In Euskaltel's roster, the 27-year-old rider is one of two Frenchmen, alongside former under 23 world champion Romain Sicard, who was forced to skip the Vuelta due to a muscular disorder. "My work is to be a domestique and I quite like it," Cazaux told Cyclingnews.
In a team of climbers, he is of the very few to support his leader Igor Anton on the flat sections. Iñaki Isasi and Amets Txurruka, an uphill expert who is recovering from injury, are also devoted to that role.
Cazaux has two characteristics, therefore, that are not typical of an Euskaltel-Euskadi rider: his nationality and his skills as a rouleur. The team uses him both to reinforce and open itself. For his part, the rider suits the Basque mould through his shy, loyal and humble attitude, his mastery of Spanish, and the job he does so scrupulously.
Cazaux says he's literally a water-carrier for the team. “The heat has been very strong since the first day of Vuelta, so I go to the team car about seven or 10 times a day to collect bottles for everyone”.
Although Anton has struggled in the opening week, and is 3:28 down in general classification, Cazaux seems to be confident in his leader's chances. “He targeted a place between fifth and first and he's really motivated for that,” the Frenchman noted after the Sierra-Nevada stage, when his leader was already 2:44 off the pace.
However, Anton's difficulties might well create some opportunities for his domestique. Cazaux might be allowed to leave the bunch more often than it was previously planned and do what he certainly likes the most in cycling: break away.
“That's really my thing,” he confirms, but there is no hubris in that way of riding: “To be in front is not only good for me, but for the team too, because the guys don’t have to lead the peloton. Somehow I'm still a domestique when I'm in a break.”
Euskaltel's coach and directeur sportif, Josu Larrazabal, praises Cazaux' attitude and engine. “He's a great domestique for us. His endurance skills and his constant good mood are very helpful in the team.”
The coach notes, however, that “We don't see Pierre so often in the results.” In three seasons as a professional (two with VC Roubaix, one with FDJ), he has never done better than a fourth place finish in the Classique Loire Atlantique. Larrazabal reckons that such a situation is typical of an escape artist who isn’t blessed with a burst of speed.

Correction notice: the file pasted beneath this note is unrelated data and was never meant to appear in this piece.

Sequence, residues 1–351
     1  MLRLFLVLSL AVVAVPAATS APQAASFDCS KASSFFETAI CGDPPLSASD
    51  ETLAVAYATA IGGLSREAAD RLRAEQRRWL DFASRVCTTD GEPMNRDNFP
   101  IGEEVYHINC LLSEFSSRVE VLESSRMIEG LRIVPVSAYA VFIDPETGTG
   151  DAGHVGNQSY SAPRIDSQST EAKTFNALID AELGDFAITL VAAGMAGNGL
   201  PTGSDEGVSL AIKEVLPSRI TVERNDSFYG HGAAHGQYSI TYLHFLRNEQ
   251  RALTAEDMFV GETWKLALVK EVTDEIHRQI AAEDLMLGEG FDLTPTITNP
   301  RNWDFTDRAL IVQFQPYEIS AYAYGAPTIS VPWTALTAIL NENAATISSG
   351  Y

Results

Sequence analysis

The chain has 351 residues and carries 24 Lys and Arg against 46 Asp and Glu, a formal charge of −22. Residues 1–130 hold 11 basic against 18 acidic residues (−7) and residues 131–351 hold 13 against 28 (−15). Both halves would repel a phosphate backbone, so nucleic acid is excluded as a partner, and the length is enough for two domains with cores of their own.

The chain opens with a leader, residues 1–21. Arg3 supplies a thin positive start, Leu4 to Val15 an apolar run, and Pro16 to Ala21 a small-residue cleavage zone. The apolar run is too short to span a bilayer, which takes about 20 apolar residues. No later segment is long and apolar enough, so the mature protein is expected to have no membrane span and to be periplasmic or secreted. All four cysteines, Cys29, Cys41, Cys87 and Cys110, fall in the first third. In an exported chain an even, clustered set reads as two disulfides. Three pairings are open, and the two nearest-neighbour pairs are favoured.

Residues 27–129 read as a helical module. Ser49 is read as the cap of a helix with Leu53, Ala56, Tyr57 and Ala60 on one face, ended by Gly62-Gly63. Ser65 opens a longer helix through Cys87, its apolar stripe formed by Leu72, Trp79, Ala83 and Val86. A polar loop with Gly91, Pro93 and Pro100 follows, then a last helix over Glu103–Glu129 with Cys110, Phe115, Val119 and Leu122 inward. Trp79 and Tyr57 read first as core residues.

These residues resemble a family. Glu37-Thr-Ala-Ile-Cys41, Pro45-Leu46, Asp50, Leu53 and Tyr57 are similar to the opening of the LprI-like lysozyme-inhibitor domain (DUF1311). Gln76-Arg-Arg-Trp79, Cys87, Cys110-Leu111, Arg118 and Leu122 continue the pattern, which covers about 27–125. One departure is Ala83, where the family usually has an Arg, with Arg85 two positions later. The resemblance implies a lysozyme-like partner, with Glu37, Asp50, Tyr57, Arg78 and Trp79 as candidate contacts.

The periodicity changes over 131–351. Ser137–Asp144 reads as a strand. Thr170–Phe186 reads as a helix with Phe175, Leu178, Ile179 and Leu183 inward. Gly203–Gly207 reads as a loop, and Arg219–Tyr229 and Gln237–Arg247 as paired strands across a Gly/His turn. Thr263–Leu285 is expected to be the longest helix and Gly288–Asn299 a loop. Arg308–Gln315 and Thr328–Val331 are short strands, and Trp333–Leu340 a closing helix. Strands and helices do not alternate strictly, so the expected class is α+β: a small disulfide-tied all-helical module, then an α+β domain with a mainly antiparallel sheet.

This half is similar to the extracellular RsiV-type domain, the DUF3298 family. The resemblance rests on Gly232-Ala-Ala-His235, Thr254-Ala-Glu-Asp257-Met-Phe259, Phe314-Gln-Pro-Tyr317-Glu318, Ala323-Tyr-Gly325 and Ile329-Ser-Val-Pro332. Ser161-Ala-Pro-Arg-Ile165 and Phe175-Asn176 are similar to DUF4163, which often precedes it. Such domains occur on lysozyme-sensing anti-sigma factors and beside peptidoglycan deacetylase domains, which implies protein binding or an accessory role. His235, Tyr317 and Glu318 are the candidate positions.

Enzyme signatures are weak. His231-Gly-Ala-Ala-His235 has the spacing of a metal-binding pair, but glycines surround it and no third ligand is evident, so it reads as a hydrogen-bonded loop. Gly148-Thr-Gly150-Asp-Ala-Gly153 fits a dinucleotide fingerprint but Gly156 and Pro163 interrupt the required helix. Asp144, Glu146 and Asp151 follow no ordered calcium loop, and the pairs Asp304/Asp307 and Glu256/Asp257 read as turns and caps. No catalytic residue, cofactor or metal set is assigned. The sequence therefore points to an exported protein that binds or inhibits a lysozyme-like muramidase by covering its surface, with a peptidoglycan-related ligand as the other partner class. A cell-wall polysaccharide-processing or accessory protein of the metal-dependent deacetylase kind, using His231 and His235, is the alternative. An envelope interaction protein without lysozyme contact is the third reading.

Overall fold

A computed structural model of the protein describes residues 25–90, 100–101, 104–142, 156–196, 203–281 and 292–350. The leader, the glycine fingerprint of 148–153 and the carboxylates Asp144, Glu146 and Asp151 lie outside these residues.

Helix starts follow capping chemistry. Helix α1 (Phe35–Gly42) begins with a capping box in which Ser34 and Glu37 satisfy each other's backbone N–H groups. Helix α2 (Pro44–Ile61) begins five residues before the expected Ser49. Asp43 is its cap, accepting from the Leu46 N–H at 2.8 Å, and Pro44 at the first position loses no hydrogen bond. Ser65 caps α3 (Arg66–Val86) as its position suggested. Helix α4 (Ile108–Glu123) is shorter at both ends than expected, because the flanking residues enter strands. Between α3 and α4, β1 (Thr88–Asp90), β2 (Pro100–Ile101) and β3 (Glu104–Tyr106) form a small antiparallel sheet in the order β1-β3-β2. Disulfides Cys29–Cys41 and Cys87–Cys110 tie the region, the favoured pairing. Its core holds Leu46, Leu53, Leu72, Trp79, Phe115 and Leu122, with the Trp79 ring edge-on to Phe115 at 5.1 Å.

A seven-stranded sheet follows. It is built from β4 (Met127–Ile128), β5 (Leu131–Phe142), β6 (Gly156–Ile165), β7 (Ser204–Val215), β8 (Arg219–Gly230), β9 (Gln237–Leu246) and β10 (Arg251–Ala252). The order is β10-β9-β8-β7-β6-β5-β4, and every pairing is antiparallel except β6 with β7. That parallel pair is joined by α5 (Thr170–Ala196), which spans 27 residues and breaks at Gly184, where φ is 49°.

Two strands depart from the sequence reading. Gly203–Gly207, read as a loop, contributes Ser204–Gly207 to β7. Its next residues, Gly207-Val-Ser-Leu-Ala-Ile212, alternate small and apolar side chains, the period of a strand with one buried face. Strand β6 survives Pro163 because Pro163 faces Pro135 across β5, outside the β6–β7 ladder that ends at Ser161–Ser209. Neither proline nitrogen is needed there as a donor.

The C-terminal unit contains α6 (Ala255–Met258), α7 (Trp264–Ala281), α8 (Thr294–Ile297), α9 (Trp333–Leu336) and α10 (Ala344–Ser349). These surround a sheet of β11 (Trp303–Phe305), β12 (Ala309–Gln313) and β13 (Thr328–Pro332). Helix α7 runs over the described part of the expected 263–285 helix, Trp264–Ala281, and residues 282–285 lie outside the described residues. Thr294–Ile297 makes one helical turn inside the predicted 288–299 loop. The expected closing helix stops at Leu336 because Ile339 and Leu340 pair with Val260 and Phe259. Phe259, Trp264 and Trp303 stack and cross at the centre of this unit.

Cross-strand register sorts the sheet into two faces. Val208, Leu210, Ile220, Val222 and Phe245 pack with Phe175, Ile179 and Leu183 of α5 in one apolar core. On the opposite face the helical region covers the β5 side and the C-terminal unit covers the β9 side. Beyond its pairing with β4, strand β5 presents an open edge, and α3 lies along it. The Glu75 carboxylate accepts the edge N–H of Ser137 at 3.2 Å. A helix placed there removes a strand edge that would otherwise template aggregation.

In his debut season with Euskaltel, Cazaux has shown himself in long breakaways on numerous races, including the Vuelta a La Rioja, Vuelta a Asturias, Giro d'Italia, Brixia Tour and Tour of Poland, and he expects to break his personal record soon: a 190-kilometre break with Ukrainian Ruslan Pidgorny in the GP Fourmies two years ago.
Cazaux feels comfortable in his position as a baroudeur and domestique at Euskaltel, whereas in France, the usual approach in cycling is to give every rider wild cards or leadership rather than assigned roles.
Two weeks before the Vuelta, though part of the twelve-rider short list, he was uncertain if he would be on the start line, but he trained to be ready to give his best, whether it would have been in Spain or at GP Ouest France-Plouay. The Vuelta a Espana represents a special motivation this year, however, as the race’s entry into the Basque Country, for the first time since 1978, is a sort of tribute to the whole Euskaltel-Euskadi set-up as well as an added pressure.
“It's a beautiful challenge,” Cazaux said. “We hope to win the stages and also to bring Anton in the leader's jersey to our supporters. We know a lot is expected of us.”
There is no better testament to Cazaux’s sense of belonging to the Euskaltel culture than that use of "we". The Vuelta's organizers could have printed a Basque flag on his number to avoid any confusion.
- Article published:
- August 28, 2011, 19:46
- Cycling News
Englishman looking forward to Salamanca test